Movie Reviews

Published on June 7th, 2018 | by gareth

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Hotel Artemis

Los Angeles of 2028 is a riot laden area where Martial Law is the norm and brutality is a way of life. Amidst this setting, the Hotel Artemis is open for business.. The Artemis is not your typical hotel as it provides emergency medical services to members who engage in criminal activities.

The Nurse (Jodie Foster) runs the facility and with the help of her massive Orderly Everest (Dave Bautista), they ensure that only members get admitted and follow the rules as well as receive state of the art care while in the facility.

 Guests at the facility are giving names based on the suite in which they are assigned which involve geographical locales and there are a very strict set of rules they must follow such as no guns, bombs, killing other guests, and so on.

The Hotel Artemis is not a simple stitch and bandage facility as they offer advanced medical services such as Nanites, replacement organ printing, robotic A.I. medical treatment and other services which in 2018 seem like Science Fiction.

Enter Waikiki (Sterling K. Brown), who has tried to leave his criminal past behind him yet was savvy enough to keep paying his membership fees at the Artemis all the while. He and his brother have been injured in a heist and with the city under a deadly riot, they make their way to the Artemis to get treatment and hide out from the chaos outside.

Thanks to their services, the hotel is rarely empty and an Arms Dealer named Acapulco (Charlie Day), and an assassin named Nice (Sofia Boutella), are also in residence. The fact that Nice and Waikiki have a past association makes things a bit interesting as guests are always mindful of those around them even though the strict rules of membership exist to ward off any threats or danger to the guests or staff.

Complications arise when the near capacity hotel is informed that the Wolf King of L.A. (Jeff Goldblum) is en- route. The Nurse opts to follow the rules of first come first served and in doing so enrages his son (Zachary Quinto), who decided to barricade the Hotel to make sure nobody gets in before his father, who incidentally owns the facility.

As if this was not enough of a complication, a police officer from troubled past of The Nurse arrives begging for help which sets a very dangerous chain of events into motion.

The film is a very fresh and entertaining story filled with interesting characters, strong performances, and just enough action to keep the film moving along but yet keeping the focus as a character based drama.

First time Director Drew Pearce gets the most of his cast and has used his script to create a very entertaining and unique film that is well worth a watch. It is so nice to see Jodie Foster showing us once again that she is one of the most gifted actresses of our time as the two-time Oscar winner goes all in to portray a very damaged and troubled character who for what she lacks in glamour; more than makes up for with a determined strength.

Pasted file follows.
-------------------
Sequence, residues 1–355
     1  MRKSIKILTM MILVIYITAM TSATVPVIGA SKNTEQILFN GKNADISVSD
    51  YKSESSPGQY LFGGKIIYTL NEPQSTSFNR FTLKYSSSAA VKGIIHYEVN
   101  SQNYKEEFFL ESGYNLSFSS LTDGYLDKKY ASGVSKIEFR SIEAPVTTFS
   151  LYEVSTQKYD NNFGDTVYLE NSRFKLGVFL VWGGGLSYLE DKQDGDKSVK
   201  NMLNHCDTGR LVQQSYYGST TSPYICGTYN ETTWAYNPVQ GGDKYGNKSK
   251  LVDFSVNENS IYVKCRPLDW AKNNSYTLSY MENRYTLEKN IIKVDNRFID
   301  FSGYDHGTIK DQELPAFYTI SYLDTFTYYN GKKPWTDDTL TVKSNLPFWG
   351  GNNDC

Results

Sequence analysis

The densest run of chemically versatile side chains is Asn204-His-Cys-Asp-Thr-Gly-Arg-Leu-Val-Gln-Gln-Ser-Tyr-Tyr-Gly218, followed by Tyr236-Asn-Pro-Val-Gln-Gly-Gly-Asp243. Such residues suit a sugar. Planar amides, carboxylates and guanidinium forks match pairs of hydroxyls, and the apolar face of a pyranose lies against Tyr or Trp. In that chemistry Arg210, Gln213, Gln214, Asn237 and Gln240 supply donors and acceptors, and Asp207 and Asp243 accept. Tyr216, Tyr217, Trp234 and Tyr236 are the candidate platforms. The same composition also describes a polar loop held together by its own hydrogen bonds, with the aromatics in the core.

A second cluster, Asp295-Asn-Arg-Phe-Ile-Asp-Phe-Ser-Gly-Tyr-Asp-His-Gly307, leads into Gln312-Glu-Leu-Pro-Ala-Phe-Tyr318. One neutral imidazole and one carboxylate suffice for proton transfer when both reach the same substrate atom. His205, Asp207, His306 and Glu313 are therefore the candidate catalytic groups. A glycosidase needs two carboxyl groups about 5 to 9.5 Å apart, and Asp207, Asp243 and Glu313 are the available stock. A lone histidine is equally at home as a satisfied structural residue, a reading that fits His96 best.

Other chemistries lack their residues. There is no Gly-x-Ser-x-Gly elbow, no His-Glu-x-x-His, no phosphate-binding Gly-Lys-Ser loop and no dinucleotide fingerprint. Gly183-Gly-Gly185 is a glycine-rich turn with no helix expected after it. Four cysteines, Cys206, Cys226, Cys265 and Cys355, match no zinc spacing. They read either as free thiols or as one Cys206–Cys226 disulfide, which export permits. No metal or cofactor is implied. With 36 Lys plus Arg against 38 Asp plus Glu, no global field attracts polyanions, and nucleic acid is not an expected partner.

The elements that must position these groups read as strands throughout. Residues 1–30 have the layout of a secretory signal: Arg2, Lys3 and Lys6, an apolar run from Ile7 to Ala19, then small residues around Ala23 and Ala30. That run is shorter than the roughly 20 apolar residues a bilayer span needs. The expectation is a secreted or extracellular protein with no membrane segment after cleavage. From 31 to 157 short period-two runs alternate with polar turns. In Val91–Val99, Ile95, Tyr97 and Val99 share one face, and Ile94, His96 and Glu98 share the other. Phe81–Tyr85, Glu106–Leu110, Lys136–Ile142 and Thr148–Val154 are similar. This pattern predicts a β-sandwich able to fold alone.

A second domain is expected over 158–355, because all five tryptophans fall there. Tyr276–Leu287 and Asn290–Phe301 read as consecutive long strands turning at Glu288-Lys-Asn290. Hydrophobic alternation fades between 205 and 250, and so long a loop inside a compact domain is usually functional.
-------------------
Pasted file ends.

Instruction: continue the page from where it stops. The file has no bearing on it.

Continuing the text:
I hope this film is a success as I would love to see more stories from the Hotel as I really enjoyed the film from start to finish.

4 stars out of 5

 

Second Review by Joshua Aja.

 

In the year 2028 in the heart of riotous Los Angeles there is an oasis for the assassins, bank robbers, arms dealers and various bad characters that are injured. This oasis is a member only emergency room on the top floor of the Hotel Artemis. Criminals of all kinds pay for the privilege of having the Nurse (Jodie Foster) use high tech machines to repair their gunshots, smashed faces and all manner of injuries. The only thing that is required is that you are a paying member and you follow the rules.

Upon arrival all guests are giving room keys that also work as code names for their stay at the Artemis. When a massive riot breaks out, over the access to free drinking water, the Hotel is suddenly filling up with guests. Already occupying rooms are Acapulco (Charlie Day), a gun runner recovering from an assault that almost took out his eye, and Nice (Sofia Boutella), a skilled assassin “who only kills important people” and is recovering from bullet wound through the arm. The newest arrivals are Waikiki (Sterling K. Brown) and Honolulu (Brian Tyree Henry) who tried the use the riots to cover their bank robbery but wound up getting shot on their escape. A third member of their crew, Buke (Kenneth Choi), tries to enter but is denied due to lack of membership but it quickly denied but the orderly, Everest (Dave Bautista). If that wasn’t enough going on the Nurse gets a call that the owner (Jeff Goldblum) of this emergency room for criminals is headed in and needs the final available room. But his arrival will set off events that has the Nurse fighting to save the place she has lived and worked for the last 22 years.

This is the first film directed by Drew Pearce. He also wrote the film (other writing credits include Iron Man 3, Mission Impossible – Rogue Nation, etc.). This was an interesting concept for a film and better executed would have really been exceptional but turned out as a just okay effort. I really like the characters that Bautista and Foster portrayed. They were fun at times but also had a wide range of emotions. Some of the lines were cheesy but overall the performances of the rest of the cast was good. The film started out fast paced and then really slowed, before ramping up at the end. I would have preferred a little less of a drudge in the middle, especially with only a one hour thirty three minute run time. The movie really did feel longer than that. The action sequences were good and well filmed. This was a very stylishly filmed movie.

2.5 out of 5

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